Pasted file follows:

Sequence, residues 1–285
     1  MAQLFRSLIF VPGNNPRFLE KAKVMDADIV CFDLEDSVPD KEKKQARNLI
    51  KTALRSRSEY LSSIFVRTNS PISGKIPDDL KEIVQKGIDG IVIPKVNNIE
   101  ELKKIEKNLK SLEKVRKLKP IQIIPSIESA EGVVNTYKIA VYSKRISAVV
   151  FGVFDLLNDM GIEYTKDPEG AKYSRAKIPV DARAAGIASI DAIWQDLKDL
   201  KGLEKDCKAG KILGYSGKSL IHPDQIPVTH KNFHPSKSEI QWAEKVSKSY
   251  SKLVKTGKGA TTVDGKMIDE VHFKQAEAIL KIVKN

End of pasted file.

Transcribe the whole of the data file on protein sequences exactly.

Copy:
Sequence, residues 1–285
     1  MAQLFRSLIF VPGNNPRFLE KAKVMDADIV CFDLEDSVPD KEKKQARNLI
    51  KTALRSRSEY LSSIFVRTNS PISGKIPDDL KEIVQKGIDG IVIPKVNNIE
   101  ELKKIEKNLK SLEKVRKLKP IQIIPSIESA EGVVNTYKIA VYSKRISAVV
   151  FGVFDLLNDM GIEYTKDPEG AKYSRAKIPV DARAAGIASI DAIWQDLKDL
   201  KGLEKDCKAG KILGYSGKSL IHPDQIPVTH KNFHPSKSEI QWAEKVSKSY
   251  SKLVKTGKGA TTVDGKMIDE VHFKQAEAIL KIVKN